"The predatory nature of the world Communist Party is well attested to by many former Communists in the transcripts of our two public hearings which are appended to and made a part of this report. They are identified as `First Report on Un-American Activities in Washington State' and `Second Report on Un-American Activities in Washington State.'
"In addition to the printed reports of testimony taken at our two public hearings, the Committee has accumulated an index file of approximately 40,000 subjects dealing with Communists, their Front Organizations and activities and related materials. In the case of notorious Communists such as ... [certain persons named], their cards may have scores of individual notations and cross references. We have *490 found a pattern of Communist intrigue and conspiracy of alarming proportions extending over the State of Washington and the Pacific Northwest like a huge spider web. The cables of this web are imbedded deep in federal, state, and municipal government, all levels in education, state welfare programs, labor organizations and religion....
"While engaged in an intensive investigation in these two fields of Communist activity, it became increasingly apparent that all Communist activity in all fields is interrelated. That Communist agents while assigned to different projects are all dedicated to the same objective; the softening up of our people for the eventual violent overthrow of our government. That they work as a team taking their orders from the top, and that they do not deviate in the minutest detail from the Party Line and Party instructions. This may involve the following out of some minor Party assignment in a labor organization, outside speaking engagements for a university professor, or obedience to accepted Party conduct before a legislative hearing. No deviation from Party instructions is permitted none occurs...."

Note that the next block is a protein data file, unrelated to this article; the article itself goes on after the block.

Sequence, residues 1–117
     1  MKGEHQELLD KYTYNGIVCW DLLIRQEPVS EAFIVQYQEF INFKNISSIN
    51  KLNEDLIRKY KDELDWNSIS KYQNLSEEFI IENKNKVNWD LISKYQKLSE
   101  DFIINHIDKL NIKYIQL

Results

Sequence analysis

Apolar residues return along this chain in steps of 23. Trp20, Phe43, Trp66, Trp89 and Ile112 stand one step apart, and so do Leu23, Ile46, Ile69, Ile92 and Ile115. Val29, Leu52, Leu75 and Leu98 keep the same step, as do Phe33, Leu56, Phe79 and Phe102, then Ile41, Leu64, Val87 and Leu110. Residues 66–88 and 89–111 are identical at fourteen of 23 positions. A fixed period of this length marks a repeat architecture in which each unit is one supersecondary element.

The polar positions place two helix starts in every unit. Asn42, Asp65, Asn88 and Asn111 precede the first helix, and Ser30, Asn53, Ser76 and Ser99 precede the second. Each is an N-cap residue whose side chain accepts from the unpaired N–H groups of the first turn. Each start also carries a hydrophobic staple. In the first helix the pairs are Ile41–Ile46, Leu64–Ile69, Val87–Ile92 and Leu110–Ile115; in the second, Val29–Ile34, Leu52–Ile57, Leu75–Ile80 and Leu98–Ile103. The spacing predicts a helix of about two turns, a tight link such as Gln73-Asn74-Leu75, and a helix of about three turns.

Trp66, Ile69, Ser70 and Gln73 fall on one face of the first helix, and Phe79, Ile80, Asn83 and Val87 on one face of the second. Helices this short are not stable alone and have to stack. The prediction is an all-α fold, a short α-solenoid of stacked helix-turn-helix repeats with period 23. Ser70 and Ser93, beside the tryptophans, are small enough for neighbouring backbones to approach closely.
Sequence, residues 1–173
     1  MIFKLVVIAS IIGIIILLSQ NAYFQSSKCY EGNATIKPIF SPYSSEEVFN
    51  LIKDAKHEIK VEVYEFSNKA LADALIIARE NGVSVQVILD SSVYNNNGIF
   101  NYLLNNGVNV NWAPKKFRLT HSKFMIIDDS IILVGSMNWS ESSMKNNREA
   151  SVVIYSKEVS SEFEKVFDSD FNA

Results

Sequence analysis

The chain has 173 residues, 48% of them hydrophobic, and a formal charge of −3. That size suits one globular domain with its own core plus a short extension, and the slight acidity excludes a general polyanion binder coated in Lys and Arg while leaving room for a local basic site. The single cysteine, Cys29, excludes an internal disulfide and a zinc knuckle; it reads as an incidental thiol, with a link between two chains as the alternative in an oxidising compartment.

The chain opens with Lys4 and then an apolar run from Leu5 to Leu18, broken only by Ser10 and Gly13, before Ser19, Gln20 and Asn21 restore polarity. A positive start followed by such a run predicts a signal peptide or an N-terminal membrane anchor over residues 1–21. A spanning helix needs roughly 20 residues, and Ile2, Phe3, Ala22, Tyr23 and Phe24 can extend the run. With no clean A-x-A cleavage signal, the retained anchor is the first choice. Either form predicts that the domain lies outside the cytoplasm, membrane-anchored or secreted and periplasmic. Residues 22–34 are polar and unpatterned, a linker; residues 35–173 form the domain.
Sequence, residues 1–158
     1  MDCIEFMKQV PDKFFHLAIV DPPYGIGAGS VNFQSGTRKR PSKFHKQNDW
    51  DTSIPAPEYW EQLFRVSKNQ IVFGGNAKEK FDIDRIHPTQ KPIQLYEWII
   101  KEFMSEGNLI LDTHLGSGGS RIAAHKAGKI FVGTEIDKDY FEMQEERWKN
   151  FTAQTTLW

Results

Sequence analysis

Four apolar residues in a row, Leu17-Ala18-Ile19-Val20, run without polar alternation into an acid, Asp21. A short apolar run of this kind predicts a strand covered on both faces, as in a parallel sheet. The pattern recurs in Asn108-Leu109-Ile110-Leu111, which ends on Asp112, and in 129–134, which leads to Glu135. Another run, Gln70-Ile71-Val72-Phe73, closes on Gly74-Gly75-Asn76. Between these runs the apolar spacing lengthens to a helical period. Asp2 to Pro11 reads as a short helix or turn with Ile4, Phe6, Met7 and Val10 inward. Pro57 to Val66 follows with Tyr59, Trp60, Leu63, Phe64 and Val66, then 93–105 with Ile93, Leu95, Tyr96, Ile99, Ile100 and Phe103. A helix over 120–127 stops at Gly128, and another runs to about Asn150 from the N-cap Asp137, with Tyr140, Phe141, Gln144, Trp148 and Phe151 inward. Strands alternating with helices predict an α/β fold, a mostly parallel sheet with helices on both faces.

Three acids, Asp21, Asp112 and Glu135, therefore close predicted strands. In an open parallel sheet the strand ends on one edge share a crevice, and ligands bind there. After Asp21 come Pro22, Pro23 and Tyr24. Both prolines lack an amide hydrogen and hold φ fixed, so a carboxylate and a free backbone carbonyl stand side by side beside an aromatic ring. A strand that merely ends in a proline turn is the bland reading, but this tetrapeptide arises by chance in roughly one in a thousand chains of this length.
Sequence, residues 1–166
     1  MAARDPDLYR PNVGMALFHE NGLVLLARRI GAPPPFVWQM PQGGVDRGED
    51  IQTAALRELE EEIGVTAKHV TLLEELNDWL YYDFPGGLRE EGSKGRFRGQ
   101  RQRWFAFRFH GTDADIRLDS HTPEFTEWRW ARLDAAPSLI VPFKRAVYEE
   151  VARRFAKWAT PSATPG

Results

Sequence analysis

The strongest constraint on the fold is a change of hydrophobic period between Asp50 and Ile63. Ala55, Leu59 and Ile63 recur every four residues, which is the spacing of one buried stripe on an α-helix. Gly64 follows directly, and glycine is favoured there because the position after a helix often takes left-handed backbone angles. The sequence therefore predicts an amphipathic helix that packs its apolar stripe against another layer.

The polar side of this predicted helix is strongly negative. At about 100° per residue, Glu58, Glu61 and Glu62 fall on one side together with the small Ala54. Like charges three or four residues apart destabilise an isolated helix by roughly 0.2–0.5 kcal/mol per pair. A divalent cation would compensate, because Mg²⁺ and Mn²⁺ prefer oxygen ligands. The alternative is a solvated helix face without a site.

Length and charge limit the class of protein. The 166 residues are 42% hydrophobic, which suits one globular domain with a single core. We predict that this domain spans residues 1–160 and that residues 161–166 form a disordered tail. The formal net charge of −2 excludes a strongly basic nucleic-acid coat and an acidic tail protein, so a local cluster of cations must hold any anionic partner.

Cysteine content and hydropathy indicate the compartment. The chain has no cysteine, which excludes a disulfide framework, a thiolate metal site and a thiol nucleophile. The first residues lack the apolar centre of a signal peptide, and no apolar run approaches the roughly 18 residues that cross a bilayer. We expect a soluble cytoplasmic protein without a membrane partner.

(For the committee's remarks concerning "Academic Freedom," particularly with reference to its investigation of subversive activities at the University of Washington, see that subheading in its report commencing on page 1110 (House Journal, 1949), and the letter of Raymond B. Allen, then president of the University of Washington, set out at length therein.)